Affordable Care Act

The Affordable Care Act is the law that has led to health care reform. Under the law:

Most people will have to buy health insurance or pay a penalty. This is called the individual mandate.

Each state has access to a Marketplace, also called an Exchange, where you can buy health insurance. It is available to you online, on the phone, or in person. The Marketplace in your state may be run by the federal government. You can see available health plans being sold in your area and compare benefits and premiums in one place.

You may be eligible for financial aid, called premium assistance or tax credits, to buy insurance. You may also be eligible for cost sharing subsidies to help you pay for your deductibles and co-payments. How much aid you get depends on how much you make a year, how many people are in your family, and where you live.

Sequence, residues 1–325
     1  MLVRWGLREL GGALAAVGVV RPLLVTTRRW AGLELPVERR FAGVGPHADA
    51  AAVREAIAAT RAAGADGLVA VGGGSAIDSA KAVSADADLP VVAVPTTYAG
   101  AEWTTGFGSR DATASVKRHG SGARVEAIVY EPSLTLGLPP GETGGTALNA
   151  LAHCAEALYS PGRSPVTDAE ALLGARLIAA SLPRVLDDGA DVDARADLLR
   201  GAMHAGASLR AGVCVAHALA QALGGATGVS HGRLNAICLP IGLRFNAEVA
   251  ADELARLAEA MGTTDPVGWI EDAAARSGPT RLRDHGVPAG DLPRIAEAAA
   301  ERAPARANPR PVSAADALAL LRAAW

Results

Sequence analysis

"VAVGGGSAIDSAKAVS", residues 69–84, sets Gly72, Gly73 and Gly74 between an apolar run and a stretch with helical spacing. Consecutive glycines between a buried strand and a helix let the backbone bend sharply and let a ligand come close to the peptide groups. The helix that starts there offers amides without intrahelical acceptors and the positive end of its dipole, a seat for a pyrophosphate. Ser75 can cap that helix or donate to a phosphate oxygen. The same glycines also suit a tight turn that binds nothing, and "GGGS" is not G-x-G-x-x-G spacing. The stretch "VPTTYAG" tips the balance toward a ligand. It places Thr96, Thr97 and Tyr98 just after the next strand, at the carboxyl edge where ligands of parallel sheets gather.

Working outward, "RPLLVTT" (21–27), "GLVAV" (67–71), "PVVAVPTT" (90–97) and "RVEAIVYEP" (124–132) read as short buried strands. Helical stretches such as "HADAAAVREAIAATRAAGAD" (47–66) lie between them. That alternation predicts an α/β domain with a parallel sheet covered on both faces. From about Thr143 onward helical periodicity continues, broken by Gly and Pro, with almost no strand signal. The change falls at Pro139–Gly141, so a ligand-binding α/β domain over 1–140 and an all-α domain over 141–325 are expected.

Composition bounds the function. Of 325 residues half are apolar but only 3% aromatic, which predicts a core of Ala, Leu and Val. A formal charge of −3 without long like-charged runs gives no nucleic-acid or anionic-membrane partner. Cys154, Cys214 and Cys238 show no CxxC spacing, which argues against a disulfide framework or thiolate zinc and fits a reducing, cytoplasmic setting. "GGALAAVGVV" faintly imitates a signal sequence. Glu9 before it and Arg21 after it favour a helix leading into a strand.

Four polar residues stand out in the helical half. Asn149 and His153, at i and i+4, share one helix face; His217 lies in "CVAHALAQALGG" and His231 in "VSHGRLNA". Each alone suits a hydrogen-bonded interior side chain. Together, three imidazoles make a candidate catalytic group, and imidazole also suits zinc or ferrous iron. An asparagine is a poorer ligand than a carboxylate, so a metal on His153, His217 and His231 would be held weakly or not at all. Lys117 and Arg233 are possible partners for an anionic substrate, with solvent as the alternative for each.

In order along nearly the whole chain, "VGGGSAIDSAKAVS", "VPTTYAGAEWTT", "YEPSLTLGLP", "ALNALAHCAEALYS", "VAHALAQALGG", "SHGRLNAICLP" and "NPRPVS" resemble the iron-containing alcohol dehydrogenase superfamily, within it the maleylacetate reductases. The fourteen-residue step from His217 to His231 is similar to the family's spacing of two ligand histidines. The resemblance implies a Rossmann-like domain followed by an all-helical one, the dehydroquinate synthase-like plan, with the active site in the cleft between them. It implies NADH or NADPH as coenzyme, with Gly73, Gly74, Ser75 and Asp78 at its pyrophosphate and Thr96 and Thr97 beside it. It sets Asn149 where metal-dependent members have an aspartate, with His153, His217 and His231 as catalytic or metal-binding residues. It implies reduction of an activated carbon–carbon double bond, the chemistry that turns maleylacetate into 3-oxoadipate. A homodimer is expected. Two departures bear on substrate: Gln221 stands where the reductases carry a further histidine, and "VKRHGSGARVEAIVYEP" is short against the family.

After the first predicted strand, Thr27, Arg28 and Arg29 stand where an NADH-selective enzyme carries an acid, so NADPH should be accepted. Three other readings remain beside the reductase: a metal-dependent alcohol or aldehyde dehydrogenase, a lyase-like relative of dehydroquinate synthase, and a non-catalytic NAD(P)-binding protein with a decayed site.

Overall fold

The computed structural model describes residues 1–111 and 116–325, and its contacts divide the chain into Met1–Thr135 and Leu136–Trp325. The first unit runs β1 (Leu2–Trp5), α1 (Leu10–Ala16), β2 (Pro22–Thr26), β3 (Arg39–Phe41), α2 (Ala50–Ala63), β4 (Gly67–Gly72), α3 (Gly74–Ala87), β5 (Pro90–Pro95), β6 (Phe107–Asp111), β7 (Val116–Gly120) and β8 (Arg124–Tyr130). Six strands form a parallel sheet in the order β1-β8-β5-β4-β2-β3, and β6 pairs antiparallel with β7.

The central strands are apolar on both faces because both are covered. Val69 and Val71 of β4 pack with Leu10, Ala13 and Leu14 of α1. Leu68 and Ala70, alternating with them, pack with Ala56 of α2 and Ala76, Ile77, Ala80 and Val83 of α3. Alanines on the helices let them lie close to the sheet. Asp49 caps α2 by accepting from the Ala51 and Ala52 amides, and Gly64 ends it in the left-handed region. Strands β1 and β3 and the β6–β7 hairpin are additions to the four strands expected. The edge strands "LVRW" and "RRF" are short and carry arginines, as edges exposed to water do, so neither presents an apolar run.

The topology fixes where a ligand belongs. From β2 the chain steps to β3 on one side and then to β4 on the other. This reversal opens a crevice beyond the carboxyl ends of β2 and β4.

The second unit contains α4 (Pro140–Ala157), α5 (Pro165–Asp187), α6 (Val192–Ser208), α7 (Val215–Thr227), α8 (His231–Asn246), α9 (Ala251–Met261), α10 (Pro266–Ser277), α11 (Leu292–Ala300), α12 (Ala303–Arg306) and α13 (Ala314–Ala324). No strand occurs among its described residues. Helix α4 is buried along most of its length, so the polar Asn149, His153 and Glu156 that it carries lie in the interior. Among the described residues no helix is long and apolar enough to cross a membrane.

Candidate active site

Your children can stay on your health insurance plan until they turn 26.

If you have a health problem, you must be accepted by any health plan you want. You cannot be denied coverage because of a pre-existing condition or be charged more for coverage based on your medical condition.

Even if you have a chronic condition or a serious accident, your health plan has to cover a list of essential health benefits. Essential benefits include doctor visits, emergency services, staying in the hospital, maternity and newborn care, prescriptions, and others. You can get the care you need for the services on the list of essential health benefits without worrying that your health plan will stop paying its part.

 

WebMD Medical Reference Reviewed by Sarah Goodell on June 19, 2019
© 2019 WebMD, LLC. All rights reserved.